The fight in the courtroom for the Police Services Board (PSC) and the appointment of a police commissioner is also bothering taxpayers.
My former fellow independent senator, the Reverend Winston Joseph, like a few others, asked about the many recommendations of Cabinet committees on reform of the PSC and improvement of the police service.
About a month ago, as the former president of the PSC, I published a summary of the troubling issues in three dailies to help avert the coming storm.
I wonder now what more can I say or do?
The collapse of the ineffective structure of the PSC and its convoluted process was bound to occur. And as a social science meteorologist, I have conscientiously given repeated warnings.
But as Chamber of Commerce CEO Gabriel Faria and economist Mariano Browne complained, âThe government just isn’t listening.
Many are now worried about a country they love and to which they have provided services to help improve public safety and governance. Their public service has been published in and out of Parliament. Today, I also speak for them.
I’m talking about 2013, when members of the PSC and I met the then Prime Minister Kamla Persad-Bissessar, the Attorney General, the Minister of National Security and the Minister of Justice. We explained the obstructive deficiencies in and around the PSC.
She graciously accepted our explanations and asked her cabinet to appoint a multisectoral review team with the general mandate “to consider giving greater autonomy, relevance and clarity to the constitutional mandate and the functions of the Police Services Commission. “.
The 12 highly qualified members of the committee included the Attorney General, the Minister of National Security, the Minister and Permanent Secretary of the Ministry of Public Administration, the Chief Parliamentary Counsel, the Chairman of the Law Reform Commission, the Chairman of the Association of Social Police and Social Protection and two members of the management and legal advisers. The opposition was also invited (two members attended the first meeting).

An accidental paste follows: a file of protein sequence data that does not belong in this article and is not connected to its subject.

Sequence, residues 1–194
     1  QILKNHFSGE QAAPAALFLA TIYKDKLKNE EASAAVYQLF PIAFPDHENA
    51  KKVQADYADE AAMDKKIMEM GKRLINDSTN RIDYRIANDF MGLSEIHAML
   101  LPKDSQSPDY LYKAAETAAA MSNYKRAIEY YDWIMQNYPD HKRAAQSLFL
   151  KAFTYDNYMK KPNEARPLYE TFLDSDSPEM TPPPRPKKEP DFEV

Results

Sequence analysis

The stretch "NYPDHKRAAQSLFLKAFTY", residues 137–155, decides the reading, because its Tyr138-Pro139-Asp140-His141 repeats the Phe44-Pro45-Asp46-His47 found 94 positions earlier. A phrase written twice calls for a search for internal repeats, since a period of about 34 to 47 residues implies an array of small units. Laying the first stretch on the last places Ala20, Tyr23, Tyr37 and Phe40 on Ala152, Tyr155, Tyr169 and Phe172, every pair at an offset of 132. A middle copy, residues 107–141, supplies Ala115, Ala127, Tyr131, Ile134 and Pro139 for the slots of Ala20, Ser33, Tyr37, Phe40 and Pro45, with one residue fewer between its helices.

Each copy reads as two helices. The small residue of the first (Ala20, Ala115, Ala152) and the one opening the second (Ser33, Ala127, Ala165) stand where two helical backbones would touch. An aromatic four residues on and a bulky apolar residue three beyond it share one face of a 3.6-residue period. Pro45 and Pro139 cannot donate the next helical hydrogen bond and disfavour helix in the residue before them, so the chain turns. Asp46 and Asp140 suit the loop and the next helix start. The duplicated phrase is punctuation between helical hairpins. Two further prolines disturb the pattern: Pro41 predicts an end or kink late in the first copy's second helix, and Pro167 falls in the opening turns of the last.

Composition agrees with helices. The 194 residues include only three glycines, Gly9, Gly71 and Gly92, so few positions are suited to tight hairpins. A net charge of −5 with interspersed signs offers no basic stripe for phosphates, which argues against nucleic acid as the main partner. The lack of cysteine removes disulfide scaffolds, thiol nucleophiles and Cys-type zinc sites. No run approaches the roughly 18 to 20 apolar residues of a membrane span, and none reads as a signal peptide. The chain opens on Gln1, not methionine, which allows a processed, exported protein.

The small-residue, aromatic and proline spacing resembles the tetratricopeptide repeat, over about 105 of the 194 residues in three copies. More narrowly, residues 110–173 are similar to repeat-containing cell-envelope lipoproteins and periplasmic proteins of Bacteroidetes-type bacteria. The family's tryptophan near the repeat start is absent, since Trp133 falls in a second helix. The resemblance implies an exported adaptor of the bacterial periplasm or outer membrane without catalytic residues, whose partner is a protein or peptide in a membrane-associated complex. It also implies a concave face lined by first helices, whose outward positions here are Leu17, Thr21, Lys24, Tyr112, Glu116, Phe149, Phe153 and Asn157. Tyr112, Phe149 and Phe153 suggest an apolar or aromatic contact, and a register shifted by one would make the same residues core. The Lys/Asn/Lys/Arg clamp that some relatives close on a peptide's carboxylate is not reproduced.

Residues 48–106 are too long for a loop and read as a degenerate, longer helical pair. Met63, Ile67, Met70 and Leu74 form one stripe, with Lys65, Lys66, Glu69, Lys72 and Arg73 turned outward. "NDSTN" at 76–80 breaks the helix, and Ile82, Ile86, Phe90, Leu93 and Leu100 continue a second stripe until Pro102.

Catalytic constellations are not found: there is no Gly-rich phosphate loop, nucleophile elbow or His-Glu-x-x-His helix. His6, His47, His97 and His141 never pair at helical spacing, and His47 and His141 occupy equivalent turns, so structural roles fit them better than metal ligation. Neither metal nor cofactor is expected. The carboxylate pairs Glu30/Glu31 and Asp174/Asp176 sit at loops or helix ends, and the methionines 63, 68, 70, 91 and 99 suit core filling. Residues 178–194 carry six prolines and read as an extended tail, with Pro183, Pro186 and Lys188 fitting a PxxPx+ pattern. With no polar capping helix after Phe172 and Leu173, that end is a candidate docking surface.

I was appointed president. The committee and its sub-committees carried out a great deal of research, analysis and consultation. The committee’s report was presented and considered by cabinet.
Nothing else. No wonder some members of the committee kept asking me, âWhat happened? ”
Is it because of our conflicting political system that divides? Is it because of other political priorities? Or what?
Thirty-five administrative and legislative recommendations were formulated. A few elements have been retained, for example Legal Opinion 103 of 2009, which stated that âif the commissioner is absent for any reason and the appointment of his successor is pendingâ, the CPS âmay appoint a person occupying or acting in the office. deputy commissioner to act as commissioner. Very simple.
However, this year Legal Notice 183 (Article 4) amended this to read: “The commission may submit to the President a list of suitably qualified persons from within the ranks of the police service, including those under contract or previously under contract. to act as commissioner. â¦ Pending the conclusion of the prescribed procedure.
Why this complicated change?
In January 2017, the government appointed a Police Force Audit Committee (PMAC) made up of eight highly qualified members. The eight members were myself as chair, Jacqueline Wilson (vice chair), Harold Phillip (acting DCP), Erla Christopher (acting DCP), Allan Meiguel (lawyer), Dr Levis Guy-Obiakor, Anand Ramesar (Acting Deputy Superintendent and member of the Police Social and Welfare Association) and Dr Zameer Mohammed. Trevor Percival led a support team with dedicated secretary Diana Newsam.
Once again, a lot of research, analysis, consultation has been done. Almost 100 recommendations were made in a 600-page report to improve policing inside and out, improve efficiency and accountability in terms of discipline, measured performance and overhaul of the PSC. .
Receiving the report in October 2017, Prime Minister Dr Rowley pledged to “bring it to Cabinet” and “act quickly” as “a blueprint for police reform”.
The last thing we heard about this PMAC report was that it was tabled in Parliament and then sent to a special joint committee chaired by MP Fitzgerald Hinds.
Of course, a cabinet could put aside any report. But we cannot continue like this.
My reminder of the above examples is not to embarrass but, to say, given the complicated and costly mess the country finds itself in now, there is an opportunity for the government and the opposition.
Reform the CPS. Take a quick look at the Constitution (Amendment) Act (No. 6 of 2006).
I know old soldiers never die. We keep trying.
But for how long ?